When Alexander Hamilton, George Washington and 37 other delegates signed the Constitution in 1787, they did so with a promise. "We the people," began the document that established the nation and its fundamental laws. Except, they didn't actually mean all the people.
Black men were slaves, Native Americans defined as aliens and women seen as the property of their husbands. "It was we the people," women's rights activist Susan B. Anthony declared in 1872, "not we, the white male citizens; nor yet we, the male citizens; but we, the whole people, who formed the Union."
Hers was another rallying call in the decades-long cry for equal rights, a fight that was still, somehow, just beginning. For another half century, fearless women—Anthony, Elizabeth Cady Stanton, Ida B. Wells and more names forever etched in our history—spoke out, campaigned, protested and, yes, were even arrested as they demanded their voices be heard and be given the same consideration as men.
That time finally came in August 1920 when the 19th amendment officially went into effect, giving most women the power to vote. (It would take another 45 years for women of color to be able to exercise that same right.)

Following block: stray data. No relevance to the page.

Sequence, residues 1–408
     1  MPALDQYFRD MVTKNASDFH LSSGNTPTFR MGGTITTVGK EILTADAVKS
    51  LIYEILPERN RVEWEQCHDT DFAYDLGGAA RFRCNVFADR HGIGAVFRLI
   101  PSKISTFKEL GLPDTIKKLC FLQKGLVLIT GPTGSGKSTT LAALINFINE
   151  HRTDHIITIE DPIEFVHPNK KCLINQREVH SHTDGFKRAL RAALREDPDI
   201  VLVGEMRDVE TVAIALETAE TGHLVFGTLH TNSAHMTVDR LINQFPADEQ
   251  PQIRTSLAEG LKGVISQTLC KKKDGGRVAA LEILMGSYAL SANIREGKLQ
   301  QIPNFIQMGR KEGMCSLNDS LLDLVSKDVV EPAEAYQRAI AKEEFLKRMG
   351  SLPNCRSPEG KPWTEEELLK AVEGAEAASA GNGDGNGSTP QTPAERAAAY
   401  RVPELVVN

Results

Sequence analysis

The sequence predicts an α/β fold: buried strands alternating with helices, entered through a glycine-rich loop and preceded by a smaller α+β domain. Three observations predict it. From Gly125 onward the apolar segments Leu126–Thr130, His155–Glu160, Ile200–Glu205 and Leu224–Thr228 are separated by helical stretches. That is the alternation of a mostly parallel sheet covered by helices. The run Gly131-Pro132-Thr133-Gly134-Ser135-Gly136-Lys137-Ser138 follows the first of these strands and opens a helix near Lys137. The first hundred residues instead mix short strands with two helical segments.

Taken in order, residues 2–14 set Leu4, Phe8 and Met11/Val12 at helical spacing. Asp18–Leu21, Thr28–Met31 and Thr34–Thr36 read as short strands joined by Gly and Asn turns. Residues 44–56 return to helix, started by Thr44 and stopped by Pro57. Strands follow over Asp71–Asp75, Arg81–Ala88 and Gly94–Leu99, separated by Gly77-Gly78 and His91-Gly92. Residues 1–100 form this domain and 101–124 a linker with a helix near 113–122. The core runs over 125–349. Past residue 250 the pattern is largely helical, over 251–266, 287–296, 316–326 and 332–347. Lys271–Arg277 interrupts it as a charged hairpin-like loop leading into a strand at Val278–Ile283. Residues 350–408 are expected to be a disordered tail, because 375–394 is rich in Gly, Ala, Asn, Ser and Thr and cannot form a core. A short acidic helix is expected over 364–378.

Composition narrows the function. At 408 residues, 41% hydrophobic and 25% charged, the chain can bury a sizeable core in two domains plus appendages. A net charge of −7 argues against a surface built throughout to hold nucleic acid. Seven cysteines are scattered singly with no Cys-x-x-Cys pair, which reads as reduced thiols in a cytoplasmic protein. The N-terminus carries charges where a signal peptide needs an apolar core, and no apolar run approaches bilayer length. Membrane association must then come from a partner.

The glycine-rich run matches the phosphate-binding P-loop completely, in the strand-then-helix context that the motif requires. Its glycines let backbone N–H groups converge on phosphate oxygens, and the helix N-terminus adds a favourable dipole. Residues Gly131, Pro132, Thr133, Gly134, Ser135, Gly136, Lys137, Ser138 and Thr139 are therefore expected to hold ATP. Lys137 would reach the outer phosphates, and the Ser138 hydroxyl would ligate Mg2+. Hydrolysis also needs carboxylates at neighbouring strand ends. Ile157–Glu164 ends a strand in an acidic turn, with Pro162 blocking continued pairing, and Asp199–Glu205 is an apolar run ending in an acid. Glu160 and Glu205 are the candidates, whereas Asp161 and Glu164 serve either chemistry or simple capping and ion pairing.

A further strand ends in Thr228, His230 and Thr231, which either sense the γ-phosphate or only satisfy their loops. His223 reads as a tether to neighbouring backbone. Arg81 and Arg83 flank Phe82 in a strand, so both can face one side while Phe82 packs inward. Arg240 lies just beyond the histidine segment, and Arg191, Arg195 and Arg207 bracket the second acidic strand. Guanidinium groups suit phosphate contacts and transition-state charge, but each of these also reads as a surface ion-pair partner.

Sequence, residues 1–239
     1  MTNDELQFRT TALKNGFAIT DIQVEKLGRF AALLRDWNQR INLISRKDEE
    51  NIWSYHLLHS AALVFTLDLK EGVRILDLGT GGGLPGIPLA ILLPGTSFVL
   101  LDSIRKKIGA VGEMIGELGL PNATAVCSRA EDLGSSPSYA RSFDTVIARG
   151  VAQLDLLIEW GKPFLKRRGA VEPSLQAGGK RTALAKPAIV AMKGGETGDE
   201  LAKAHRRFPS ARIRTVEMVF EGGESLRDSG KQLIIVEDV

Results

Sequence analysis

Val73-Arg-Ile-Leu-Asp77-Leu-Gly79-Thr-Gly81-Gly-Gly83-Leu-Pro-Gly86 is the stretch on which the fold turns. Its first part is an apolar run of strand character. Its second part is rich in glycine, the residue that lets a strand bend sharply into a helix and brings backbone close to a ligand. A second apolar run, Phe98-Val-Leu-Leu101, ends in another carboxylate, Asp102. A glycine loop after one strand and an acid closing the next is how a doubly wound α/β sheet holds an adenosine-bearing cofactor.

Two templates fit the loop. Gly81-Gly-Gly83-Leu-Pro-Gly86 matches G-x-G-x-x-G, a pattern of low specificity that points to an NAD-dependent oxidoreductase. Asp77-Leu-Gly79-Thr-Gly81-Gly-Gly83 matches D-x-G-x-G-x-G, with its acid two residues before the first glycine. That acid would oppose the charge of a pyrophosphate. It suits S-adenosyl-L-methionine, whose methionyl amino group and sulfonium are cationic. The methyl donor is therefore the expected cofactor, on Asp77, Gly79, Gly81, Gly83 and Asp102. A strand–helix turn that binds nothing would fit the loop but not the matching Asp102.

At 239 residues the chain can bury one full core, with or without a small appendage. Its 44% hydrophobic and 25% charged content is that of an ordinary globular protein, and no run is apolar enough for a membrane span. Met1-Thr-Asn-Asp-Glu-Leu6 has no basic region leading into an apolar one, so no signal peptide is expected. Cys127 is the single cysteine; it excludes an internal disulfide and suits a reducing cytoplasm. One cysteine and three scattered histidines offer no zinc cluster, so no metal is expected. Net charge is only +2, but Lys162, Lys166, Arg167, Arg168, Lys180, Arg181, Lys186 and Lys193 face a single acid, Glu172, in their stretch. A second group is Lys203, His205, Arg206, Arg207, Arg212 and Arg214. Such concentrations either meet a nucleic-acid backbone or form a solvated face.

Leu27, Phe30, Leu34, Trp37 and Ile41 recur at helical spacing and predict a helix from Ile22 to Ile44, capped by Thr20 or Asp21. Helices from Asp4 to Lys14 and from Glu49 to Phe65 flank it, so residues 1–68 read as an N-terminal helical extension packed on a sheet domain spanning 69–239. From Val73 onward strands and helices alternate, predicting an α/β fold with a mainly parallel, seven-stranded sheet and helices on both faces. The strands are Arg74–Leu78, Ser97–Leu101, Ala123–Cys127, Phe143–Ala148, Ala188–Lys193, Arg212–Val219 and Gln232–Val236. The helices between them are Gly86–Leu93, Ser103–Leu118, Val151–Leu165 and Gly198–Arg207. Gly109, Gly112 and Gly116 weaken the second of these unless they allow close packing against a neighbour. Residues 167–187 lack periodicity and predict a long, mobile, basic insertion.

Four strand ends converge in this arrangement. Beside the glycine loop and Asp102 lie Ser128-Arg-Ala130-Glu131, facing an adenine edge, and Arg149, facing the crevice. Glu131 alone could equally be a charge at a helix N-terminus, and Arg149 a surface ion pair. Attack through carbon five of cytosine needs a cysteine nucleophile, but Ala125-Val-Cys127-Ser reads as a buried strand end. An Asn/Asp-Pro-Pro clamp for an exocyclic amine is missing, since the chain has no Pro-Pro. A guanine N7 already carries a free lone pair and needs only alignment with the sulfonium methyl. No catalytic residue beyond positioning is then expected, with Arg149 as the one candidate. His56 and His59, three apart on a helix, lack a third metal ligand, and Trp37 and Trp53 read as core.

Come that November, more than 8 million proud women arrived at the polls, ready to vote for the very first time. At this moment, in the 2020 election, more than 90 million people have already voted, women turning out en masse, filling out their ballots in the hopes of creating a better world for themselves, their children and each generation to follow.
Their reasons are as myriad as the women themselves, but the underlying motivation is the same: Just as Anthony advocated all those years ago, they just want their voices to be heard.
Today, to celebrate 100 years of women speaking up at the polls, we asked 100 women from all ages, backgrounds and walks of life what this right means to them. Their answers are raw, passionate and, honestly, really damn empowering. The excitement of an 18-year-old casting her first vote mixed with the experience of a 100-year-old still eager to fill in those ballot bubbles is guaranteed to fill you with pride—and purpose.